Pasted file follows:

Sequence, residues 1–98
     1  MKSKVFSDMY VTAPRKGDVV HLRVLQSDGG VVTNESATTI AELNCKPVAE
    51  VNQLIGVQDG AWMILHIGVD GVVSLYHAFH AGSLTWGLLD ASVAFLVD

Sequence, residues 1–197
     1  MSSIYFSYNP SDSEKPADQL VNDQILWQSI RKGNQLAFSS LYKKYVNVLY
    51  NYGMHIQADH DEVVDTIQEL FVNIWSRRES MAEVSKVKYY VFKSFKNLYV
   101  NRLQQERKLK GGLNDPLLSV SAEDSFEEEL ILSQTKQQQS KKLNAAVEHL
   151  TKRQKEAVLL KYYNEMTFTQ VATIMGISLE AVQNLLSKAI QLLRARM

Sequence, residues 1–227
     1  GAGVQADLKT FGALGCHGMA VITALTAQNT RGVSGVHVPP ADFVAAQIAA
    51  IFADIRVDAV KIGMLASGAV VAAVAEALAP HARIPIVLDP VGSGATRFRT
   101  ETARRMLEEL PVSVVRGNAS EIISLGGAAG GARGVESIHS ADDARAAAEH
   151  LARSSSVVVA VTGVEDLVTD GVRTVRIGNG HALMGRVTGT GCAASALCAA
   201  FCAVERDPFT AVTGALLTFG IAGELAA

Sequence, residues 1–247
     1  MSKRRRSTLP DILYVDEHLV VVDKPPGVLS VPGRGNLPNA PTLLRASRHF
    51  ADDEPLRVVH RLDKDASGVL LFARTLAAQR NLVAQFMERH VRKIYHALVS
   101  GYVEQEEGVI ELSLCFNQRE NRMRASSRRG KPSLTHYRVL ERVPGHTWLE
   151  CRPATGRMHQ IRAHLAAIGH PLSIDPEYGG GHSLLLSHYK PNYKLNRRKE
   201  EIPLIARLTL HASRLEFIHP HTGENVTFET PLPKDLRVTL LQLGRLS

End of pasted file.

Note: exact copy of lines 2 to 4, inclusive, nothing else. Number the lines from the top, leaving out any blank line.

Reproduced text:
     1  MKSKVFSDMY VTAPRKGDVV HLRVLQSDGG VVTNESATTI AELNCKPVAE
    51  VNQLIGVQDG AWMILHIGVD GVVSLYHAFH AGSLTWGLLD ASVAFLVD

Sequence, residues 1–197